Microsoft in favor of ad targeting legislation?

I know I’m late to the game with my take on today’s major story, but maybe there is a fresh angle. Hint: It’s the not the NCAA tourney if you are reading this post.

http://www.nytimes.com/2008/03/20/business/media/20adco.html?_r=2&ref=technology&oref=slogin&oref=slogin

It’s obviously the story that made the NY Times today about legislation surrounding ad targeting. This impacts virtually every company advertising or publishing online in some way.

Let’s repeat that, this impacts virtually every company online in some way.

Here’s some examples:

– The big dogs: MSFT, GOOG, AOL, etc.

Why: Every possible reason. Overall network CPM prices, user registration lift to ad targeting, production resources (engineers, marketers, etc) making products around some of these programs. In fact, to be more pointed here, there are whole multimillion dollar R&D divisions asking the question: how do I improve targeting *who are not making a dime yet at these companies

– The current flavors: ActiveResponsys, Revenue Science, Blue Lithium

– Why? The strength of their business models is based upon this type of targeting. Revenue Science is probably the biggest impacted because they are the last partner left at a ball (does anyone know when Rev Sci will get acquired?)

– The “metric based mega publishers”: eHarmony, Classmates.com, Tickle.

MBMP: These are companies that are regarded as being customer acquisition focused but do such high volumes that they have turned their sites into publishing plays by sticking up display ads.

Why? – See answer for the next group

– Mid – to Long – Tail Networks: Active Athlete, Martha Stewart Living, etc.

Why? These are all publishers who are attempting to extend inventory through exchanges or cookied-based ad purchases. For example, these networks identify you as being “inmarket” for sports on one site, and then purchase you in a social network or other at a cheaper cost at the same high-cost branded cpms.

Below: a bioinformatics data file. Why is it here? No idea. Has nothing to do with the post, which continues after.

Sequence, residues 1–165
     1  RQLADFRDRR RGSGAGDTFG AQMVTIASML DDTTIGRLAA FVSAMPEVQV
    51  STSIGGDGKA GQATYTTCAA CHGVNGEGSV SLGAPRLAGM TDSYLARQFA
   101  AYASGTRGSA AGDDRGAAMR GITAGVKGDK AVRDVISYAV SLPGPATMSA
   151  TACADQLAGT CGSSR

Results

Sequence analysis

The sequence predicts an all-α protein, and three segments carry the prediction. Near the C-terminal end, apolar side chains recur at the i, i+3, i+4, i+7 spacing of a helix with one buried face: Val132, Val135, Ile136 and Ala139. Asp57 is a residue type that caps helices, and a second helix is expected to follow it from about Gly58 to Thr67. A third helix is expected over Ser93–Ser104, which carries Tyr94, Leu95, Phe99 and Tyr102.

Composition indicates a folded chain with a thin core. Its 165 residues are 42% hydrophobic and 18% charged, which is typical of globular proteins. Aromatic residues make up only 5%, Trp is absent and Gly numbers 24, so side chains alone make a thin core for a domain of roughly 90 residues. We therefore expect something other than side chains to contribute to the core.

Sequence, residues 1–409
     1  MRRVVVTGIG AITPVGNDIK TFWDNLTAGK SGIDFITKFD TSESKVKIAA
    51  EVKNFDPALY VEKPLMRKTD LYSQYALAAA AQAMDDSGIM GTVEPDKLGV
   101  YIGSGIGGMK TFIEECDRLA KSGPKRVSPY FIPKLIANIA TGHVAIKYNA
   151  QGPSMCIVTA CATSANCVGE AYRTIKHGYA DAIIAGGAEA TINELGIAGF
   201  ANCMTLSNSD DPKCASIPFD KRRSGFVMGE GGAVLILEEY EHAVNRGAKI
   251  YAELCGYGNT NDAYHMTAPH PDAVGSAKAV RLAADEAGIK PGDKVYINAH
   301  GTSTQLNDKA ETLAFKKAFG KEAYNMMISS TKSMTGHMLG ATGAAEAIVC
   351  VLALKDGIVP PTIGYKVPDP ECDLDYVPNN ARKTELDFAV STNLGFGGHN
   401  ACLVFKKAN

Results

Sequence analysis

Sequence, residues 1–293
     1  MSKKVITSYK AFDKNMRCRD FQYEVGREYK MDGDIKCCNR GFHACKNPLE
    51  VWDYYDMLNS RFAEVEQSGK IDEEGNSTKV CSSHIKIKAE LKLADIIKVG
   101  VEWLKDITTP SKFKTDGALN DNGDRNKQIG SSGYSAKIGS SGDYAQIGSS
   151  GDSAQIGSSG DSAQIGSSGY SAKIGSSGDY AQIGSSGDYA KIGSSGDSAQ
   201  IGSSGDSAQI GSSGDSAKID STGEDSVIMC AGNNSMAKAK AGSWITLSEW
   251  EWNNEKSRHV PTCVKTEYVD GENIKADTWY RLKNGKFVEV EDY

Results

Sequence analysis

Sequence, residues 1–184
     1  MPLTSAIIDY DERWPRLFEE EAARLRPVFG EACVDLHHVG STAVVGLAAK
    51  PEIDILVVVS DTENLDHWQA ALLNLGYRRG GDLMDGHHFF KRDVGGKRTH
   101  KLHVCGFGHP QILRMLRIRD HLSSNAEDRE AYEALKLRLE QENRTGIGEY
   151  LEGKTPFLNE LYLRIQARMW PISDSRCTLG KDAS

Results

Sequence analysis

I was going to stop here, but I forgot the mother of them all:

– The……..well….just……FACEBOOK.

– Why? Ever hear of project beacon and new marketing paradigms.

(fly on the wall…..fly on the wall)

Perhaps the most interesting thing about this story is Microsoft being in favor of legislation.

At first it doesn’t add up. aQuantitive and DrivePM, recent Microsoft acquisitions, are highly indebted to ad targeting of this nature. The purchase of YaData recently. The deal with Facebook.

And to be honest it still doesn’t add up, so there is only one conclusion why this may be the case, at least that I can come up with:

– Microsoft feels there is some way to level the playing feel with Google based upon this. The only thing I can think of is that Big Redmond feels that the toolbar, gmail, and search origination have created a large lead. As well, if they slow the pace of Google’s ability to make software free based upon ad views, they defend their core products.

I would love to hear other opinions on this. And that’s what it will really come down to, are consumers willing to trade data for the rights to free content.

Maybe that’s another post, but I think the answer is yes.

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1 comment so far

  1. A Nonymous on

    MSFT is in favor of throwing barriers in front of online ad tracking by cookies, since it owns an 80% share of installed operating systems. As part of the terms and conditions of installing the OS, they can say you agree to let us track you through the registry. Or make it a bargained for exchange, $100 cheaper to buy the OS with tracking vs the OS without tracking.

    One area not discussed in the media is how offline direct marketers will be affected by such legislation. Even the federal government may have to change its practices, since it now outsources “change of address” processing to firms that sell this information to offline marketers.


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